Sears Corporation will be filing bankruptcy as early as Saturday, or as late as Monday morning. Sears is the definition of a former retail/corporate powerhouse. Look at some of these companies that used to be a part of Sears: Dean Witter, Allstate, Discover Financial, Morgan Stanley (later merged with Dean Witter), Orchard Supply Hardware (OSH) AKA (rest in peace, liquidated 2018) spun off: Sears Hometown, and Sears Canada in 2015. Wow look at that list! In its heyday, (think 1960’s) Sears sold everything from toys to hardware, to mail order houses, now its circling the drain at ramming speed. What caused all this death spiral you might say? Well a series of poor decisions that began with the ill-advised merger with Kmart in 2004. This is because while Sears competed in the middle to higher end, Kmart catered to the lower end customer seeking value and low prices. A fatal mistake is Sears began cross selling its most valuable brands in Kmart stores such as; Craftsman, Kenmore, and Diehard. By doing this they cheapened their brand, and due to needing to sell the product at a lower price had to cheapen their product.
Craftsman was a very trusted top of the line name in the tool category, they also came with a lifetime guarantee if it broke, by the way, it was actually good for life, not a certain number of years. As a young child, Craftsman tools were a large part of my father’s childhood. He and his father would always be working on or fixing something with Craftsman tools in hand. He always told me he could count the number of times a tool broke on one hand and usually have 3 or so fingers to spare. When it broke you simply went to the local Sears and presto, no questions asked it was replaced. No such luck anymore. The tools are made of cheap material from China that resembles the graphite found in a number 2 pencil. There is a reason they are sold at discount prices, they break with ease. Similar to when you hire folks from LaborReady or whatever they are called now, if the directions call for 1 wrench you better buy 3. Oh, and getting the tool replaced…get ready to gear up for a fight over that “lifetime warranty” means. Cheap crappy tools.
Back to a central part of this blog, the real reason for bankruptcy is CEO Eddie Lampert.
If you are thinking the same guy who runs hedge fund ESL investments, your right. Lampert has never run a retail business, he just knows how to buy lots of stock in a company, force changes, and cash out when he makes a tidy profit; think Buffett, Icahn, and Nelson Peltz.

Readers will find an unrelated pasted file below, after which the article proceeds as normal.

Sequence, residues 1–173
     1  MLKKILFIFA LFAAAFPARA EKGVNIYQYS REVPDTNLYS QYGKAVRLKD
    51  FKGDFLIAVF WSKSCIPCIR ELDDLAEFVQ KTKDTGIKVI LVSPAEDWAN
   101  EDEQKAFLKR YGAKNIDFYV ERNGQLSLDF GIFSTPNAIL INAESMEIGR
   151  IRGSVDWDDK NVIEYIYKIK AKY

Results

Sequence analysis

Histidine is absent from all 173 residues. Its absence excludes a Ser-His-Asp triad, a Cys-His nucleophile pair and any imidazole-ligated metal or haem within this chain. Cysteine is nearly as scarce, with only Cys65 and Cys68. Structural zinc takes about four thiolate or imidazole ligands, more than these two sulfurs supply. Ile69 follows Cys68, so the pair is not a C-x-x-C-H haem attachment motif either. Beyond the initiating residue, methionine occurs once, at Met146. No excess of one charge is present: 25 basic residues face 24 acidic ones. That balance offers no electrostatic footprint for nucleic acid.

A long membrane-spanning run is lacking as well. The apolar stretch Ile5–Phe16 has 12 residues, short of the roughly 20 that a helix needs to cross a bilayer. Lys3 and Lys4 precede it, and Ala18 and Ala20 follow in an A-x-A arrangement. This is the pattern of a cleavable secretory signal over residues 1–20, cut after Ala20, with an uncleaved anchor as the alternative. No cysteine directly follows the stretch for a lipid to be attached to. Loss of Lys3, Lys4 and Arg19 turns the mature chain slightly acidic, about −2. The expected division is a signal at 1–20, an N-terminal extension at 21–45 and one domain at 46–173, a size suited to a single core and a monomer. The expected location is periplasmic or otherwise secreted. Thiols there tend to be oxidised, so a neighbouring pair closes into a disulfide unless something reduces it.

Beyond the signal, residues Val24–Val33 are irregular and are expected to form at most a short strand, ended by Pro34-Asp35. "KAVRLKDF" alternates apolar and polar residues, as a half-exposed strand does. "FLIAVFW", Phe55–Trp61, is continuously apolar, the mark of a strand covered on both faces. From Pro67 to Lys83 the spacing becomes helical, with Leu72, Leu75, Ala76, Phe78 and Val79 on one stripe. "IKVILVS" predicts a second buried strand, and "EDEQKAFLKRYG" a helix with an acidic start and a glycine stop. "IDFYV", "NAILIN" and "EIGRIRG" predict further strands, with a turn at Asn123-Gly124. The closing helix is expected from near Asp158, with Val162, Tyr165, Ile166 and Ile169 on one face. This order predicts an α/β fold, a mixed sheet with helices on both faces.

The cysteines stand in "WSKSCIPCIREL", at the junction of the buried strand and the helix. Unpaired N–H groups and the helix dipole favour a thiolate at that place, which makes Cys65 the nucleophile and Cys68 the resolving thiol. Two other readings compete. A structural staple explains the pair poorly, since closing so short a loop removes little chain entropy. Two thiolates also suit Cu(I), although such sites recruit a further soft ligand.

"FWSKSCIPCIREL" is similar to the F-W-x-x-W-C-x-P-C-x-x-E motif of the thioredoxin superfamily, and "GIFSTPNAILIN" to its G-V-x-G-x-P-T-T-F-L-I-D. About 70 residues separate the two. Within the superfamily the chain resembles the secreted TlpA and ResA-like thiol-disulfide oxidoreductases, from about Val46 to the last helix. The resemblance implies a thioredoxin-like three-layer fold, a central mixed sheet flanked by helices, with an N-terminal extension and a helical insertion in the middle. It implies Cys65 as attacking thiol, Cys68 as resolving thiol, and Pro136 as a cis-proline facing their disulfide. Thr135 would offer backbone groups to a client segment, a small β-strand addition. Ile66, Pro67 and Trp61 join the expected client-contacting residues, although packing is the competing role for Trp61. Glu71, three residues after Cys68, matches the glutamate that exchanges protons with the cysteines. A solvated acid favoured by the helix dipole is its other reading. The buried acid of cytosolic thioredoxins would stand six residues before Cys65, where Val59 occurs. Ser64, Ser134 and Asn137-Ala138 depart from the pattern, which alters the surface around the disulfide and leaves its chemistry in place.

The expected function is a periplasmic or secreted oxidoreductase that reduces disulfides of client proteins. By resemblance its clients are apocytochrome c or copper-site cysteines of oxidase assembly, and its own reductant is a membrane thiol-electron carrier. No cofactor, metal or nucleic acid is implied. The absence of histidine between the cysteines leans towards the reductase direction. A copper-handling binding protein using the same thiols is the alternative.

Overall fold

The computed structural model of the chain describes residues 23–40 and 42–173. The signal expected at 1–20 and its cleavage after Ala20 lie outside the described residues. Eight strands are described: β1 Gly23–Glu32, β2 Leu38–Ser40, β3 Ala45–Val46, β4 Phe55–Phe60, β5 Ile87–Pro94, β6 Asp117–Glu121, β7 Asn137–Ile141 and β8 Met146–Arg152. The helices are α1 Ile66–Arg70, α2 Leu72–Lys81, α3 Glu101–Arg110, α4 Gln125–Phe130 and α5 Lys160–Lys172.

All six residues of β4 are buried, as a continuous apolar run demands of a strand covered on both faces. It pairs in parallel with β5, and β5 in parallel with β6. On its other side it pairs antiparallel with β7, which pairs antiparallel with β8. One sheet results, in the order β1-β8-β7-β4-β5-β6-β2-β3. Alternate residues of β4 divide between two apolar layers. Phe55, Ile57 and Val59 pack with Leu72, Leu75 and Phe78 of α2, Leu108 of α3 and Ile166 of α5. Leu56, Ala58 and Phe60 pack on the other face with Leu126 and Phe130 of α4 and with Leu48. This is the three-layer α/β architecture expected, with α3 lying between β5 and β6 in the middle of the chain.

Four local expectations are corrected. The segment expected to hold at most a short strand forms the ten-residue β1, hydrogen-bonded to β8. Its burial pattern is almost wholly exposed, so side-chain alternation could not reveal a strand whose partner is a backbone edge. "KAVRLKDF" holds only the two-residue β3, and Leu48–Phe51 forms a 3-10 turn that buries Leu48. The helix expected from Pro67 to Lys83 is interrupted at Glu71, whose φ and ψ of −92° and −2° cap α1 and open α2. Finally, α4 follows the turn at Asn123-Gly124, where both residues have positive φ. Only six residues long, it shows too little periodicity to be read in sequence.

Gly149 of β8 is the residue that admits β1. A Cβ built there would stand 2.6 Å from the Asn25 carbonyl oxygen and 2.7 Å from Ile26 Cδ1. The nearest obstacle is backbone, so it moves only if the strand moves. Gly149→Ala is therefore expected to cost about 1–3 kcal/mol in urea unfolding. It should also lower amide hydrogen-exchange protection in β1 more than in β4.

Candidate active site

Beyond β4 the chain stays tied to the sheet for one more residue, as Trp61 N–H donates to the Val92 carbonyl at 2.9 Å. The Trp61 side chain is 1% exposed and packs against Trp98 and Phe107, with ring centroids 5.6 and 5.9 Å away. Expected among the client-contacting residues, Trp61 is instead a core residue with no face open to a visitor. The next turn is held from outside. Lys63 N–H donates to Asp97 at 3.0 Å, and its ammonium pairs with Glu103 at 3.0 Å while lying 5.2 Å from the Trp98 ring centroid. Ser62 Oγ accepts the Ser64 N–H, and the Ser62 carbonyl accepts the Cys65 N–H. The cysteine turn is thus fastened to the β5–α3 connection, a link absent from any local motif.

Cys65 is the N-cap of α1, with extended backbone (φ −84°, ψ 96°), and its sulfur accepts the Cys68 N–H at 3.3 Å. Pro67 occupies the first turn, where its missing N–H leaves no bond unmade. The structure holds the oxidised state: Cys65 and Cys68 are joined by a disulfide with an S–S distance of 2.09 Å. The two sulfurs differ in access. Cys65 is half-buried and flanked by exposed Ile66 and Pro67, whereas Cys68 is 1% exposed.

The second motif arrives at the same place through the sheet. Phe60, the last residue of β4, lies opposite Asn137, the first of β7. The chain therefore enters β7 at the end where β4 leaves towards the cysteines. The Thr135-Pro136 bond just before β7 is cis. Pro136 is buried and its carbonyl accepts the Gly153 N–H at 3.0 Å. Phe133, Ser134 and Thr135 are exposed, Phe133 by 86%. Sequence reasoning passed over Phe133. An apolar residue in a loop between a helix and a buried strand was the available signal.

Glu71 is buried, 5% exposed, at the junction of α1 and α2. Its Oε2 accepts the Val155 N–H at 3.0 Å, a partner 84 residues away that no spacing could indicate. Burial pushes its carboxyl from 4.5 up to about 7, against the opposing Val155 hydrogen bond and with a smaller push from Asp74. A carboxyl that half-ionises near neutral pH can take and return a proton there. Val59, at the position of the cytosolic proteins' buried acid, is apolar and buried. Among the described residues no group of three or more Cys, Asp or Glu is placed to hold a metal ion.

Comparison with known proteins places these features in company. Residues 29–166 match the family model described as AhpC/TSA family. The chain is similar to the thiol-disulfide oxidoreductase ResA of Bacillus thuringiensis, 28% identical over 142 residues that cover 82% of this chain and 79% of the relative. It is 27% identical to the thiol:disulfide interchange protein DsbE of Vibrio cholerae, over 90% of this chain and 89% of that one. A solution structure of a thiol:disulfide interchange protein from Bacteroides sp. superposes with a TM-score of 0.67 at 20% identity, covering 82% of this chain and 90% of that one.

Lampert has actually been running a liquidation sale over the last decade to tell you the truth. He is a hedge fund guy, the only thing they know how to do is monetize assets and suck every dollar out of a company as humanly possible. Lampert inherited a company which albeit was struggling but had 3,500 stores, the company now has 700, planning to close another 150, keep 300 open and decide the fate of the other 250 in due time. This is too small a footprint to compete, more on this later. Lampert over the past few years has spun off most of Sears property (the ground/building) not the name into a different company to monetize its real estate, spun off Lands’ End into a stand-alone, mostly inside of Sears stores business, selling Craftsman to Stanley Black and Decker (by the way now available at Lowe’s, Home Depot, and pretty much everywhere). He also has loaned the company money through his fund ESL investments. By doing this he can charge a corporate bond interest rate think 8-12%, so he can suck more money out of the company. Lampert may own quite a bit of Sears stock, but he is very wise, shareholders are last in line in a bankruptcy, the banks are close to first, his loans essentially make him a creditor, and thus he will get most of his money back. Now here we are today, with Sears owing a $134 million dollar debt payment October 15th, they have no way to pay it. Enter Lampert again; offering to loan the company the money to make the payment, in exchange for Kenmore and several real estate plots the stores currently sit on. Sounds like a pretty good deal for Ole Eddie. The board is contemplating this, and I think they won’t go for it.
The moral of the story is this, we here at ReallyRight.com don’t like to see anyone lose their livelihood or see stores close but Sears hasn’t been relevant in at least 15 years. Honestly, they got rid of the Christmas (or is it Holiday) Catalog, likely to save money, bought a chain known for selling cheap crap with Blue Light Specials, and viola, it’s over. Cheapen your core brands to the point no one wants them or make it so they are now available anywhere not just exclusive to your store. In addition, ask yourself this question, what can you get at Sears that you can’t get cheaper elsewhere? Or better yet what do you go to a Sears to buy? Sears is the new Toy’s R Us, except that when it goes out of business it won’t be back, rumor has it Toy’s might be risen from the ashes like a Phoenix. It doesn’t help when you have a blood sucking hedge fund manager out only for himself who owns and runs the company.